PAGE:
Of course, the elephant in the room is the fact there’s another aspect of offense that didn’t work at all Sunday, or often at all this year with quarterback Baker Mayfield at the helm (his first start since missing five games with a high ankle sprain and the dawning of the PJ Walker era).
The Panthers didn’t convert enough third downs Sunday, and Mayfield threw a pair of interceptions late (one on a tipped pass), adding to his struggles this season. He finished the game 21-of-33 for 196 yards with the two picks for a 54.6 rating. He hasn’t played consistently well since Week 3. It seems notable that since that win over the Saints in September (which was a coach and a McCaffrey and seemingly a lifetime ago), Mayfield’s passer rating has gotten worse every time he started (61.9, 61.7, and 54.6). That number now sits at 67.9 in his starts (excluding the cosmetic second half of the rout in Cincinnati).
So, to sum up, the Ravens did the important thing (stopping the Panthers’ run game), and the Panthers never counter-punched, wasting a day when their own defense held Lamar Jackson in check (Baltimore’s only touchdown came off a short-field turnover).
“Again, credit to them. I thought they did a great job up front,” Wilks said. “We knew coming into the game they were going to have a great front seven. Offensively, our whole thing starts up front, and we didn’t do a great job really creating that extra yardage we needed coming off the ball. Again, credit to them. . . .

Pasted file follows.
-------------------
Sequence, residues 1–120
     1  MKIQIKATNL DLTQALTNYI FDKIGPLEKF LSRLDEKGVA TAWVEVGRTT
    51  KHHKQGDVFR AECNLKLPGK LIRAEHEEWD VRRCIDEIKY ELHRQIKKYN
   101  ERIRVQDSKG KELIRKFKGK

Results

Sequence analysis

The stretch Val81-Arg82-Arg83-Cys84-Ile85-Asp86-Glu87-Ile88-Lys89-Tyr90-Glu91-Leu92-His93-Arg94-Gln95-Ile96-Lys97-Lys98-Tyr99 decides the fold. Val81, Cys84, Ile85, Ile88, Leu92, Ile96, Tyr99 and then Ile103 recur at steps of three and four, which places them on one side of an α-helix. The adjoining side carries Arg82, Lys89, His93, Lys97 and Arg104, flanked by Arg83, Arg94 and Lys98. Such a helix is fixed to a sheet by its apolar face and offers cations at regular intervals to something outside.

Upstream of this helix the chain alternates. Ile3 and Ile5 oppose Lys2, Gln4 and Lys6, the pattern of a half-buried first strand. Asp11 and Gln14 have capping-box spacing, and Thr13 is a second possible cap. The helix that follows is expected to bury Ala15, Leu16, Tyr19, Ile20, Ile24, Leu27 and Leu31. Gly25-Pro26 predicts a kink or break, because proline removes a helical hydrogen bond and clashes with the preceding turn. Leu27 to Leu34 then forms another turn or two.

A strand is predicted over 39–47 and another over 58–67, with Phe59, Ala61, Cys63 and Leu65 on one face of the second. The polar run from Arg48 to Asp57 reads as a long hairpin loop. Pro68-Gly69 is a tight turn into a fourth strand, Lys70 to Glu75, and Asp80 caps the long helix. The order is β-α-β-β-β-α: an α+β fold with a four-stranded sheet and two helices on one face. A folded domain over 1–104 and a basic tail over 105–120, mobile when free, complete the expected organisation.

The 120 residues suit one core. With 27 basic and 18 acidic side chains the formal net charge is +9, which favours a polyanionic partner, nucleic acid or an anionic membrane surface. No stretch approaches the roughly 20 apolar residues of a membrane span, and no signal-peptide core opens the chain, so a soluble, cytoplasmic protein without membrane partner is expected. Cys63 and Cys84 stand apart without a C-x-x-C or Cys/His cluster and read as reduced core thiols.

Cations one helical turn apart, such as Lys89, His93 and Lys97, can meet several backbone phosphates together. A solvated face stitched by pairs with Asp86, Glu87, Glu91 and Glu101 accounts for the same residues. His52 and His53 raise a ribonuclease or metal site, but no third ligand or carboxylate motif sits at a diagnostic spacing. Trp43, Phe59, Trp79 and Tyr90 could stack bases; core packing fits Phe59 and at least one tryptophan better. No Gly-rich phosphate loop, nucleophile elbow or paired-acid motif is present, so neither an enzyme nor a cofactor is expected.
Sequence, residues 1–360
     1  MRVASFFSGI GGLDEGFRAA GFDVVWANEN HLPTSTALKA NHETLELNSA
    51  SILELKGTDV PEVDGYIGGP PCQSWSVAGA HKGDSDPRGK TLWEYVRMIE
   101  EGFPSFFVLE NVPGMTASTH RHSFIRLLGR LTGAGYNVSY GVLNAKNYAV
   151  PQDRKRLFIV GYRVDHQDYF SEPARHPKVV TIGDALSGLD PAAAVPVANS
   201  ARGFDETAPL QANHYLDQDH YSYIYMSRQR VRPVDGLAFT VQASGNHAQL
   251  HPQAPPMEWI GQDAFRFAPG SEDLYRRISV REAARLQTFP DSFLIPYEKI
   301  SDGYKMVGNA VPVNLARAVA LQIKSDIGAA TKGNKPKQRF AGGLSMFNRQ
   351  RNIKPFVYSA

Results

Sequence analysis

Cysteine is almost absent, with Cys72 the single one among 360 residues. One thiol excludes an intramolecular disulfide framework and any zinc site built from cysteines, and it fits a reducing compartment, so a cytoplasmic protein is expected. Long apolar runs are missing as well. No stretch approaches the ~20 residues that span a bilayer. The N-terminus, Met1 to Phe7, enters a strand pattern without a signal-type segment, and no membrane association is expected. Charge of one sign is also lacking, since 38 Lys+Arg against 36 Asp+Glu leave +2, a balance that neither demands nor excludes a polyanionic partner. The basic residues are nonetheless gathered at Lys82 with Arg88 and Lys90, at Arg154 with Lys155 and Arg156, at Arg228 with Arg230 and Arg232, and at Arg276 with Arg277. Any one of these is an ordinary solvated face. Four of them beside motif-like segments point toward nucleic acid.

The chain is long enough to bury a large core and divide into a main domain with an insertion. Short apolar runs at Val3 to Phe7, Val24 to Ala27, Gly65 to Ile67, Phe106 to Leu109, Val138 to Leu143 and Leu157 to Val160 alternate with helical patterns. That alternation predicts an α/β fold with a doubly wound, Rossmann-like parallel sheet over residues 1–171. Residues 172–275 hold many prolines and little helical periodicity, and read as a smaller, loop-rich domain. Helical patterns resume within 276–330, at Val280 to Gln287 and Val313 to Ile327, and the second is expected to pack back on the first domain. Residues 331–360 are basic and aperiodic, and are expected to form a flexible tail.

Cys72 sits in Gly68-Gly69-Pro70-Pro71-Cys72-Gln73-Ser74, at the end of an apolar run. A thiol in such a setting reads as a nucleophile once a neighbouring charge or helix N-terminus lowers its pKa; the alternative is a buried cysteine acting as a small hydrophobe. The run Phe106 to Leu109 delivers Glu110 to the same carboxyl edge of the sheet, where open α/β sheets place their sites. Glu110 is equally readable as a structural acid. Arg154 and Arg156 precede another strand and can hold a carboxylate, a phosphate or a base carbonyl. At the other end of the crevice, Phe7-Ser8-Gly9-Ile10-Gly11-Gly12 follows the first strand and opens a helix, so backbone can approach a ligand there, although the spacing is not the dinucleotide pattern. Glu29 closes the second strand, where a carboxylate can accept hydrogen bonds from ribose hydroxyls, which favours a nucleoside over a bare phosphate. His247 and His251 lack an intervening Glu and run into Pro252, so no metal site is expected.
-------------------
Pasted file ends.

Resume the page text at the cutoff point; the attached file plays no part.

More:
“Again, we didn’t get anything in rhythm in the offense which starts for us in running the football. We’ve got to do a great job in the passing game as far as executing. It wasn’t a great job on our part offensively today.”
That’s going to lead to a decision at quarterback — Sam Darnold is healthy enough to play, though Walker might not be. But until the Panthers can get back to their personality up front, it’s going to be harder for that to matter, no matter who starts at quarterback.